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From "Niall Pemberton" <niall.pember...@blueyonder.co.uk>
Subject [BeanUtils] Re: svn commit: r295107 - in /jakarta/commons/proper/beanutils/trunk/src:
Date Thu, 06 Oct 2005 14:10:45 GMT
From: "Henning P. Schmiedehausen" <hps@intermeta.de>

> niallp@apache.org writes:
>
> >     protected Object createProperty(String name, Class type) {
> >
> >+        if (type == Object.class) {
> >+            return null;
> >+        }
> >+
>
> When I saw that checkin, I was wondering whether this is not just
> something that plasters over the actual problem. As I can see,
> currently passing a "null" value to a LDB results in
> DynaClass.add(name) instead of DynaClass.add(name, type) being called
> (LDB line 438), which in turn uses new DynaProperty(name), which then
> is mapped inside the DynaProperty class to DynaProperty(name,
Object.class).

Yes this is true. If the first time a property's value is set it is null
then its a  problem because there is no way of determining the type. I did
consider ignoring them and not automatically adding the DynaProperty in that
case - but then this property would be missing when someone processes the
properties of a DynaClass/DynaBean.

Originally one aim of LDB was to automatically instantiate POPJO Bean (or
POJO Bean array) properties - the problem is, there is no way of identifying
when an object is a "bean" as oppose to something else - so it achieves that
effectively by saying well if its not a "DynaBean, Map, List, array,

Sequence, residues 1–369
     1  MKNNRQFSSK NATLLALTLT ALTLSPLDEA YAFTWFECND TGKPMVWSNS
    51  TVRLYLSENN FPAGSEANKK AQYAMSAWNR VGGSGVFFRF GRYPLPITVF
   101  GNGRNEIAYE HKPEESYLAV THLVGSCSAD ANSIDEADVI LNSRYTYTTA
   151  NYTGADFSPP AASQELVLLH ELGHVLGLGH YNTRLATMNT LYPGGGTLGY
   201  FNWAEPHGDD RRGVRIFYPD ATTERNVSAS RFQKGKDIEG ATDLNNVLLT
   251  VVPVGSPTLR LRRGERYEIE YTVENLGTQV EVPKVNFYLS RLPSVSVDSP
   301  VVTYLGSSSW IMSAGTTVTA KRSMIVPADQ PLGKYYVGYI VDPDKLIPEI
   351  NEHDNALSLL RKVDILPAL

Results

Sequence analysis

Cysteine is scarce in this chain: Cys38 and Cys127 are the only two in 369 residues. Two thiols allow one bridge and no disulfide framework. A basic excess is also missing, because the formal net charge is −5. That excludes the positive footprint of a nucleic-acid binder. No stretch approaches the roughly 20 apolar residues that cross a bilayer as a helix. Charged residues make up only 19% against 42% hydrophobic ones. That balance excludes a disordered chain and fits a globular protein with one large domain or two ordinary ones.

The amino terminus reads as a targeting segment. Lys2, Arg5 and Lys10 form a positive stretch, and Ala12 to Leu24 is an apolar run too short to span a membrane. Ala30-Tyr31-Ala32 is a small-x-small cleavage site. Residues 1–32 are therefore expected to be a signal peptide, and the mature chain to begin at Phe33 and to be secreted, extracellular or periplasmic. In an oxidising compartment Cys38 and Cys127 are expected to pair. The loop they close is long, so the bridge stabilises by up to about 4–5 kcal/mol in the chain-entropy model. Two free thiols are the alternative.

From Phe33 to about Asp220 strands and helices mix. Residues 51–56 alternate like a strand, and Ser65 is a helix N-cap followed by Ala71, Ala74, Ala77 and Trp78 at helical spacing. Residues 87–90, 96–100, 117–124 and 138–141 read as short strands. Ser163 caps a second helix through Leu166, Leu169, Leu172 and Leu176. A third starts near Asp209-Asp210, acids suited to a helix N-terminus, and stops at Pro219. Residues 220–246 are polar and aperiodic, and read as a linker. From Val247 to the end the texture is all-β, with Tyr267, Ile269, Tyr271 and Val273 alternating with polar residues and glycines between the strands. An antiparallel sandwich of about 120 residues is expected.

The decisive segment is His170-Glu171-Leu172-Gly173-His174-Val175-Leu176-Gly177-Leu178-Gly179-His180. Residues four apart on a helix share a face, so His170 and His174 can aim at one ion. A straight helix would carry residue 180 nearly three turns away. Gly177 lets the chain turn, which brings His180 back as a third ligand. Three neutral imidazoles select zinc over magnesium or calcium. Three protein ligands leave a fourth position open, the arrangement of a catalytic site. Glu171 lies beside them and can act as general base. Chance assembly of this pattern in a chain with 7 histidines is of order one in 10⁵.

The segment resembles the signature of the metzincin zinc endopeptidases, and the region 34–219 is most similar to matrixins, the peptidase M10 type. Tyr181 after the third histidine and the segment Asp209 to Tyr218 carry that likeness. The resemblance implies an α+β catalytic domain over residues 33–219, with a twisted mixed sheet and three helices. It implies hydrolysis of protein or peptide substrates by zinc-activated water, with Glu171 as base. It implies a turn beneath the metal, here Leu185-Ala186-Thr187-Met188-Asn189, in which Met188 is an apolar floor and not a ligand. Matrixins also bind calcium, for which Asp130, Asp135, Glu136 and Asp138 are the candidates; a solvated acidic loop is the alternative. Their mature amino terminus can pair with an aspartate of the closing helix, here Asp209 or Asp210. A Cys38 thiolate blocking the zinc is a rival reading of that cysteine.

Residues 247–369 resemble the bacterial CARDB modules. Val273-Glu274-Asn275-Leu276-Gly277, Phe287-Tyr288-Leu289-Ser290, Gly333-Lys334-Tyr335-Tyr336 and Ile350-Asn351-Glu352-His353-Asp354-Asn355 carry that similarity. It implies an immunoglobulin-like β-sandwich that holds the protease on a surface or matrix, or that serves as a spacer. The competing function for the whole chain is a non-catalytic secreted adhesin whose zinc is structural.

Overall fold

primitive, Number, String or Date" then I'm going to try and instantiate it.
I believe now that this aim was too optimistic and LDB shouldn't have tried
to achieve that - since it leaves alot of property types that it will
automatically instantiate that you probably don't want it to (including
those of type java.lang.Object). The problem is, since its been released I
don't want to screw up people relying on the current behaviour by taking
whats in createOtherProperty out. Personally I have my own LDB
implementation that does just that - by overriding the createOtherProperty()
method to just return null.

However I think duplicating the check for java.lang.Object types in this
change [at the start of the createProperty() method that you're highlighting
and in the createOtherProperty() method] was a mistake so I've removed the
one from the createProperty() method - that way people just have to override
the createOtherProperty() method to implement alternative behaviour.

> How does this differ from set("foo", new Object()); ?

Well here you're explicity setting a property value to java.lang.Object -
rather than LDB automatically instantiating a java.lang.Object for you.

> The use of "Object" here is a bit obfuscated IMHO. Maybe we should use
> a "NullType" marker object?


I did ponder using an "UndefinedType" for a DynaProperty that was
automatically added via set("foo" null) - but that led me to think that if a
"none null" value was later set should I replace the DynaProperty with
"UndefinedType" with one with the class of the new value? That seemed to
open up a more complex route (modifying DynaProperty's), so it seemed best
to keep it simple and leave it as it was. Also,  an "UndefinedType" creates
a headache for someone retrieveing and processing the properties of the
DynaClass.

IMO there isn't an ideal route for properties that are first set with a
value of "null" and so would probably favour not doing anything more - if
someone wants to avoid this happening, then all they need do is add a
DynaProperty with the appropriate type to the LazyDynaClass first.

Thanks for your comments.

Niall

> Best regards
> Henning



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